WTOP Top Kid: Fairfax teen is a natural leader

WTOP Top Kid Eden Flora hard at work. (Courtesy Eden Flora)

From local cat rescues to her school news, to dance and lacrosse, this Fairfax County, Virginia, teen is all about finding her passion.

As an eighth grader at Sandburg Middle School, Eden Flora is seriously involved in her community.

For starters, she’s a student representative for the Fairfax County Public Schools advisory committee.

“I meet with a bunch of other students from other schools in Fairfax, and a bunch of vice principals, principals, and a lot of like adults that are in like a higher position for Fairfax, and we meet and we talk about different problems that are going on with virtual learning or in school learning,” Flora told WTOP’s Melissa Howell.

“And it’s had a big impact on this year, because we like we come up with solutions. And then they usually get actually applied, which is really cool.”

Flora said that role is largely about students sharing their experiences, identifying problems and figuring out the solutions. Which means she actually has a say in what students deal with.

“It’s definitely really cool. … There is a little bit of pressure for it, because you don’t want to like just say something, and it’s not actually what everyone else is thinking,” Flora said.

“But I will say that … I actually asked like my friends and other students, and usually all of our different things that are happening with us are the same. So I think that it’s been really cool to do.”

Eden Flora.

Flora also has a hand in her school’s news program: SAM6.

“I definitely am thinking about it for a career option, because I think that journalism is really cool,” she said. “This is my first year doing it. And I’ve learned how to write stories. And we do like a morning news story every morning and do like announcements, and I usually am the editor for it.”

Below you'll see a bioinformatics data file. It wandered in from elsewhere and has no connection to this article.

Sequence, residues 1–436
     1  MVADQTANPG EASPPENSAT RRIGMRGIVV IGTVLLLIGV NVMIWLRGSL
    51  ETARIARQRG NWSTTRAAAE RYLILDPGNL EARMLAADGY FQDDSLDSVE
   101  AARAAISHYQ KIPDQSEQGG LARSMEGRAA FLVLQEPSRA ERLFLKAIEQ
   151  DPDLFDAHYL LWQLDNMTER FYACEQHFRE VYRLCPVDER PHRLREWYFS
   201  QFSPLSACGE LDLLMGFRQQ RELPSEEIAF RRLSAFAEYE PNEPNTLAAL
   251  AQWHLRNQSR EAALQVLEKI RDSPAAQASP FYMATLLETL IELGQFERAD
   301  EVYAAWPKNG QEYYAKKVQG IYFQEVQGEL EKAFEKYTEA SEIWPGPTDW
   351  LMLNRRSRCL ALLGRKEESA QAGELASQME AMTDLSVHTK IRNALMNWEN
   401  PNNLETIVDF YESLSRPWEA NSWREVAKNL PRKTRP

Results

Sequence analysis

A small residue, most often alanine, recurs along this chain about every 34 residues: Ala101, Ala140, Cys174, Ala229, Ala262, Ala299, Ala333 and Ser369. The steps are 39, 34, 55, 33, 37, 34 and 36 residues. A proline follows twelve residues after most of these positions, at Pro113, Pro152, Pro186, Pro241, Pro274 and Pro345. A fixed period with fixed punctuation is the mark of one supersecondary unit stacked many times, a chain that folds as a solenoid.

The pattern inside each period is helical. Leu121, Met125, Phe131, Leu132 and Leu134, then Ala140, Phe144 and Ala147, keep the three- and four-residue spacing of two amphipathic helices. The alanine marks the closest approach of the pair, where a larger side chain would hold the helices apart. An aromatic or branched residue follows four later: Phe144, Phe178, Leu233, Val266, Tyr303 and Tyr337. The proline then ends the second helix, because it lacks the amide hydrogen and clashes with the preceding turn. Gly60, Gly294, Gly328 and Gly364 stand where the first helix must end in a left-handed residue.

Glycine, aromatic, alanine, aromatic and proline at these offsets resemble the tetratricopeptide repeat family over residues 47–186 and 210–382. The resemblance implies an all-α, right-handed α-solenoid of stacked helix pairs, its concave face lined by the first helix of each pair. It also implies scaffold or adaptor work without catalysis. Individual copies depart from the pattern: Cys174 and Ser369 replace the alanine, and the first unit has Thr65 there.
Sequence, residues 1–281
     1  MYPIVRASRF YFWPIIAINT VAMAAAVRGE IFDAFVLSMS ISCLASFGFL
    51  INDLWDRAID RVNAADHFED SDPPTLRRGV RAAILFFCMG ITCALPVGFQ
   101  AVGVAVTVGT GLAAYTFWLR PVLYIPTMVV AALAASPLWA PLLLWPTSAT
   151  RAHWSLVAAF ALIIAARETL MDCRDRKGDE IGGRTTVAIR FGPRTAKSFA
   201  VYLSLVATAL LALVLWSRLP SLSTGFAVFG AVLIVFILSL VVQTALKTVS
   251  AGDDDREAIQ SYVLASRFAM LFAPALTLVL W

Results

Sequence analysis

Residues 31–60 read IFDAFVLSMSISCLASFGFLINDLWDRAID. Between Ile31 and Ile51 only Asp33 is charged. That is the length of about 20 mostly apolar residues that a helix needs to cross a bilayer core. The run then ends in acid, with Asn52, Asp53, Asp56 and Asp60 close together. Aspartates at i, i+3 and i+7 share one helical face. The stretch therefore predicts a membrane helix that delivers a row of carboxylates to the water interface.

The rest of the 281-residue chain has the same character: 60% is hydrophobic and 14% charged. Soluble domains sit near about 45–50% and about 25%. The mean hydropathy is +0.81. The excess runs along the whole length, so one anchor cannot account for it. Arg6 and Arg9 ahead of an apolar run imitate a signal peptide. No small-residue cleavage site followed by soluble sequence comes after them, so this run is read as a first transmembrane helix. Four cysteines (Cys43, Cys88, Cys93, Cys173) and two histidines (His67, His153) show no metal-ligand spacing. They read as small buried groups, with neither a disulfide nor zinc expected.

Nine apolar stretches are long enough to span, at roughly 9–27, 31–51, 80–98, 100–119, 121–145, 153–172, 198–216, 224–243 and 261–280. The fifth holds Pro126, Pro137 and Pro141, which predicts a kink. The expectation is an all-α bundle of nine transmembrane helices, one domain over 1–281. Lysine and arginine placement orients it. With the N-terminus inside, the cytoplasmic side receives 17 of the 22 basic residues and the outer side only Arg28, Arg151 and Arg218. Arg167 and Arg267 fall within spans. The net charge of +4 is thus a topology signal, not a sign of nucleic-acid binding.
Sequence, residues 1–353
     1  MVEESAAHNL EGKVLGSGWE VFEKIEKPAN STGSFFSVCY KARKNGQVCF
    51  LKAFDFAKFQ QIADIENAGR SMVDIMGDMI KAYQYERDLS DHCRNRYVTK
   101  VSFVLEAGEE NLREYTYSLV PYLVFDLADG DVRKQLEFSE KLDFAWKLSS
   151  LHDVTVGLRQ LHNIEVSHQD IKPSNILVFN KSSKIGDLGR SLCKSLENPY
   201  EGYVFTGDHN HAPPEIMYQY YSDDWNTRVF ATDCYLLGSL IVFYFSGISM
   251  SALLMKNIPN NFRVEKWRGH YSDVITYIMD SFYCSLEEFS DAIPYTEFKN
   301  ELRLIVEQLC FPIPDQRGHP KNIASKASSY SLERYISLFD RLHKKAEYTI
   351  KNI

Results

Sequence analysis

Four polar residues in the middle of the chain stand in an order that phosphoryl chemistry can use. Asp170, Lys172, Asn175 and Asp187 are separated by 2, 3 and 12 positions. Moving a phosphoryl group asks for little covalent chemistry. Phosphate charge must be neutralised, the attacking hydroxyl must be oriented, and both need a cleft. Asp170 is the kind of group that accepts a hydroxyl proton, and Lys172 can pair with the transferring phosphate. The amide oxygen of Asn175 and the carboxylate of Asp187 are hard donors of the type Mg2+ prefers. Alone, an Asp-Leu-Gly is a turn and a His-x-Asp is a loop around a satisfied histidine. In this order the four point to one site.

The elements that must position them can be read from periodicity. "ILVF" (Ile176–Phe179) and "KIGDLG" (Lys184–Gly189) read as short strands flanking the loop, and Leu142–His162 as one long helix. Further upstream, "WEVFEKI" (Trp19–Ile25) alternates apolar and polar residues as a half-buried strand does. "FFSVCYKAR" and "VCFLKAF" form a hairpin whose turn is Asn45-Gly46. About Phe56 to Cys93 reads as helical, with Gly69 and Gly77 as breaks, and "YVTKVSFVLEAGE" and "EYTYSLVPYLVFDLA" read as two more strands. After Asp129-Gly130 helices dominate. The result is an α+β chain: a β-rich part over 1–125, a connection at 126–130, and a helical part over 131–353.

Flora has received a lot of accolades. Her teachers have described her as busy and dedicated. She hopes her commitments inspire others to do more things for the community.

“I know that it might be kind of scary to just start and get yourself into things but I think that it’s really fun to do these different things,” she said.

“The big thing is to just find something to do because especially right now, it’s really a weird year and there’s a lot of different things that I’m sure a lot of other kids my age could have a big impact on. And so I think it’s important for them to know that, this is the time to do it if you’re gonna get into something and make a difference.”

WTOP’s Melissa Howell contributed to this report.

This article is part of WTOP’s TOP Kids program, where kids in the D.C. area are recognized for the amazing things they do. The winners are awarded $500. The program is sponsored by Northwest Federal Credit Union. Nominate a TOP Kid you know here, and view other winners here.

Will Vitka

William Vitka is a Digital Editor and reporter for WTOP.com. He's been in the news industry for over a decade. Before joining WTOP, he worked for CBS News, Stuff Magazine, The New York Post and wrote a variety of books—about a dozen of them, with more to come.

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